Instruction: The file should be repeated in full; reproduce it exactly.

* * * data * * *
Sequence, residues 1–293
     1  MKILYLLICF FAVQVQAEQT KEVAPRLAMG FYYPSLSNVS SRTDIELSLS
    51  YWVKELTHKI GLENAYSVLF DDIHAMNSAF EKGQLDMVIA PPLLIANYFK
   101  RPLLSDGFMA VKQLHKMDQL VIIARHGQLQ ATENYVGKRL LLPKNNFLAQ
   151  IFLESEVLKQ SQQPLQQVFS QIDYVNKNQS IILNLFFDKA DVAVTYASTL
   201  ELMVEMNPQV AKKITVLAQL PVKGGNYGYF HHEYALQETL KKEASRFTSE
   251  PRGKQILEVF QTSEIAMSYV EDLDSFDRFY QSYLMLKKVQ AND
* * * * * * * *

Sequence, residues 1–293
     1  MKILYLLICF FAVQVQAEQT KEVAPRLAMG FYYPSLSNVS SRTDIELSLS
    51  YWVKELTHKI GLENAYSVLF DDIHAMNSAF EKGQLDMVIA PPLLIANYFK
   101  RPLLSDGFMA VKQLHKMDQL VIIARHGQLQ ATENYVGKRL LLPKNNFLAQ
   151  IFLESEVLKQ SQQPLQQVFS QIDYVNKNQS IILNLFFDKA DVAVTYASTL
   201  ELMVEMNPQV AKKITVLAQL PVKGGNYGYF HHEYALQETL KKEASRFTSE
   251  PRGKQILEVF QTSEIAMSYV EDLDSFDRFY QSYLMLKKVQ AND